Next, the microprocessor under control of the program computes periodicallyS=MICRO-a (LSL+LSR) in the same way described above using new instantaneousvalues of MICRO and LSL+LSR, and the value of SOM (previously obtainedduring the initialization phase and stored in a register) is subtracted to obtain the value of "S" (block 34 in FIG. 3), which value gives magnitude and sign of any difference with respect to the value of SOM. In the manner explained above, the mean value of "S" is obtained at the output ofthe shift register, i.e. the mean of 35 measurements.
Then, the microprocessor which uses so-called "fuzzy" logic determines the degree of membership of this difference in various value regions represented diagrammatically in FIG. 4 by triangles and trapeziods to obtain an adjustment factor to control the level of sound delivered by thesound reproduction source. As indicated, this difference may be regarded assignificantly negative 56, moderately negative 54, slightly negative 52, zero 50, slightly positive 58, moderately positive 60, or significantly positive 62.
"Fuzzy" logic is employed so as to prevent abrupt transitions from one region to another from being passed on, causing a sudden change in the adjustment of the volume of the radio unit 1.
If, for example, the difference is +20, then by plotting a parallel to the ordinate passing through the abscissa +20, it is observed that this difference is regarded as:
"zero" with a degree of membership of 0.4;
"slightly positive" with a degree of membership of 1.
Represented in FIG. 5, likewise in respect of "fuzzy" logic, are the possible regions of adjustment: zero 70, slightly negative 72, moderately negative 74, significantly negative 76, slightly positive 78, moderately positive 80 and significantly positive 82; each of these regions of adjustment corresponding to the type of difference having the same designation.
By transferring each degree of membership (obtained in FIG. 4) to the ordinate in FIG. 5, there are obtained, by plotting a parallel to the abscissa, for each region, in the present example a dotted region (slightly positive), a hatched region (zero), trapezoidal shapes defined by the abscissa, the outline of the relevant region and the parallel to the abscissa passing through the degree of membership.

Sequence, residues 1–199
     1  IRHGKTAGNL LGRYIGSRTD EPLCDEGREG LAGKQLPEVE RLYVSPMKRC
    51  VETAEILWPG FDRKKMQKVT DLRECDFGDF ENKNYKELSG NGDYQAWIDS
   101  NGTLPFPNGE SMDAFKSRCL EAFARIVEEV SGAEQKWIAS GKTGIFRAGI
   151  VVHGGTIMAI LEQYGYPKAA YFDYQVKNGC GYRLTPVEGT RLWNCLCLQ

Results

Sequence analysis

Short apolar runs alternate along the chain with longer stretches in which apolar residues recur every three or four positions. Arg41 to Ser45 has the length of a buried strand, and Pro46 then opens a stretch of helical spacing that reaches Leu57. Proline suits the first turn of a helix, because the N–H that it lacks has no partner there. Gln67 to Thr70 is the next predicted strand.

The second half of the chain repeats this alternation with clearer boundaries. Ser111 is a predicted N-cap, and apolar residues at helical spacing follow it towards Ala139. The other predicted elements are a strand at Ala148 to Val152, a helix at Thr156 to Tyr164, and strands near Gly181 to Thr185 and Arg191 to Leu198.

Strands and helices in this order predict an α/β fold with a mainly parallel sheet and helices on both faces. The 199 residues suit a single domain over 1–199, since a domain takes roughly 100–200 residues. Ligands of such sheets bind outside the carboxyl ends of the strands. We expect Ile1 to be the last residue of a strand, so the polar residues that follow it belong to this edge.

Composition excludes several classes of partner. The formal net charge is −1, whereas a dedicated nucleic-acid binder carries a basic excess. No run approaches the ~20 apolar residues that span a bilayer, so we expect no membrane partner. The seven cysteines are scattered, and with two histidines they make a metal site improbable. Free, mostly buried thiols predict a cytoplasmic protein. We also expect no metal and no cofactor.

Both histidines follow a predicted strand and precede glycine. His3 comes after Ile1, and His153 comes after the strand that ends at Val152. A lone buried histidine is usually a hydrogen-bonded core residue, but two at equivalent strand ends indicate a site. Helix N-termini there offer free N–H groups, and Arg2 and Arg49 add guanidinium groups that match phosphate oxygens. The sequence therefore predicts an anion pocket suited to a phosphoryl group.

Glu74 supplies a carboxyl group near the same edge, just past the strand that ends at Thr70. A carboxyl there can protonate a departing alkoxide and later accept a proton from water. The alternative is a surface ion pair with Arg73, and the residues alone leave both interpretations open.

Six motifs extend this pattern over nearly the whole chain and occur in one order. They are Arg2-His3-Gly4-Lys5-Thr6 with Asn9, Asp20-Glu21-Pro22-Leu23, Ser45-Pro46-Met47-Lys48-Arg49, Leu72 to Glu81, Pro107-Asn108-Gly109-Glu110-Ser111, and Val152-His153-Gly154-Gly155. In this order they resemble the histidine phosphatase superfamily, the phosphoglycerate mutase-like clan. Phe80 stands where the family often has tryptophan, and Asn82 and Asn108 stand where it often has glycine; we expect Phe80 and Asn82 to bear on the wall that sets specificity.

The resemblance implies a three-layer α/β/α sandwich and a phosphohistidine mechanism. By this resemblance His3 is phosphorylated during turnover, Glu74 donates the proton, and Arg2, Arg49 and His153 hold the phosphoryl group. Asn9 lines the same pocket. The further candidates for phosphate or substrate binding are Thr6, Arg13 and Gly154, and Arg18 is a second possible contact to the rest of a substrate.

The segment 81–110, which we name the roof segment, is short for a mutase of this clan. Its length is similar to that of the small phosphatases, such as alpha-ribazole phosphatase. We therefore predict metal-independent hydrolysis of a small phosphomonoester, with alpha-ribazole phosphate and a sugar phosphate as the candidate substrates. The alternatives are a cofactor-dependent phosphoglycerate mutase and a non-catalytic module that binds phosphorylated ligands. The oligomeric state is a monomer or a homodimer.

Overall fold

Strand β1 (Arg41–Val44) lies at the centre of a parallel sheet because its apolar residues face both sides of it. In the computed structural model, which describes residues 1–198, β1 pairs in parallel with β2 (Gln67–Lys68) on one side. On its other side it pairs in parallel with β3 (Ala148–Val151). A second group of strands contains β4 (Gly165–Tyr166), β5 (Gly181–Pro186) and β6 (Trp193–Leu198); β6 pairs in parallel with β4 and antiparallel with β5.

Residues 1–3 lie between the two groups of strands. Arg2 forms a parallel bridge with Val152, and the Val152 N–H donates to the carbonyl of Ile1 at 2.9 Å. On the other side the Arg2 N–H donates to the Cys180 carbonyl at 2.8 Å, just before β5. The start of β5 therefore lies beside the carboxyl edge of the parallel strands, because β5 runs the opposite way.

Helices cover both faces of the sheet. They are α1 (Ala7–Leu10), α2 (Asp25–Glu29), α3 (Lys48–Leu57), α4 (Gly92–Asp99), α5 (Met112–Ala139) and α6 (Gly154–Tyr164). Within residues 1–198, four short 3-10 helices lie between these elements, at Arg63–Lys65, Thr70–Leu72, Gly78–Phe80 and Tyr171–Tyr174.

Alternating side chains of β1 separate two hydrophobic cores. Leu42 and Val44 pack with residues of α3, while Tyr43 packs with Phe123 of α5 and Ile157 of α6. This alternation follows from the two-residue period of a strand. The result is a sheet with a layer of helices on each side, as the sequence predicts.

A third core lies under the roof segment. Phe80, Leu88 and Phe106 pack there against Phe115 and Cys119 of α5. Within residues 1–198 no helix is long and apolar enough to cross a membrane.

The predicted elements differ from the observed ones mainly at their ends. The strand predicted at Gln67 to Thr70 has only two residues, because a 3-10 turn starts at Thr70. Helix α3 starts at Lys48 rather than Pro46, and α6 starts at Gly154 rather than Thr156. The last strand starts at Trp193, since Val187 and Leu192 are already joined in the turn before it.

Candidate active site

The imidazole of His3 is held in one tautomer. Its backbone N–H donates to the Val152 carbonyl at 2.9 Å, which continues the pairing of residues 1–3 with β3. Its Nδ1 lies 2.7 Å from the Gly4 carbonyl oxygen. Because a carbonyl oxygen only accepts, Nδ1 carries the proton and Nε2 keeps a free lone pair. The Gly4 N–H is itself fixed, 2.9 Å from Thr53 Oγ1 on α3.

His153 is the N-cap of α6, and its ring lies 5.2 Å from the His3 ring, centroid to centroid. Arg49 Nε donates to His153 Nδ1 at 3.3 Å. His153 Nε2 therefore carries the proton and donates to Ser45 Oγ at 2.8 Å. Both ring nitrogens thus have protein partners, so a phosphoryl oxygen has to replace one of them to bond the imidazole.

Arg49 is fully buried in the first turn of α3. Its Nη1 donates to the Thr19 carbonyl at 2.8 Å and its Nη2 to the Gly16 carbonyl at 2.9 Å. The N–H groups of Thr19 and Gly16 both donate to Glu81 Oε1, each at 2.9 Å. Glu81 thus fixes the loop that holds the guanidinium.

The program then computes the centre of gravity of the trapeziod obtained for each reference region in FIG. 5, namely the points A and B, and then the centre of gravity of the entity obtained (point G) and its abscissa, giving the value of the adjustment factor.
Going back to the example, the program computes the centre of gravity (A) of the zero-adjustment trapeziod 70 bounded by the horizontal line passingthrough the 0.4 degree of membership (hatched region) and that of the slightly positive adjustment 78, taken as a whole since the degree of membership is 1 (dotted region). Next, the program computes the abscissa of the center of gravity (G) of the two trapeziods together, this being +8thus signifying that the adjustment of the volume must be increased by the value +8.
As indicated in FIG. 5, the maximum values of adjustment are +50 and -50 while the adjustment button 2 of the set 1 has, in the preferred embodiment, 256 adjustment steps.
Depending on the type of radio unit 1 used and on the number of adjustment steps of the control 2, it is suggested not to make modifications of adjustments in a region close to the adjustment set by the user so as to preclude, on the one hand, a perpetual variation of the adjustment due to the fact that the noise level may be slightly variable without however impairing listening comfort and, on the other hand, of oscillations of theadjustment circuit. In the example used, which is a car radio, a variation in the volume adjustment arises only if the result of the "fuzzy" logic indicates a variation whose absolute value is greater than 4.
Consequently, in the program shown in FIG. 3, there are two steps 46, 48 which determine whether an adjustment is required and which make it when the value obtained is greater than +4, by increasing the volume by the desired number of steps, or less than -4 by decreasing the volume by the desired number of steps.
The modification by the number of steps is not done suddenly; quite the contrary, it takes place gradually so that the user does not "hear" this modification and has the sensation of benefiting constantly from the same listening comfort.
In this way, the adjustment faithfully follows the level of the "disturbing" noise and the user hears no sudden variation in level.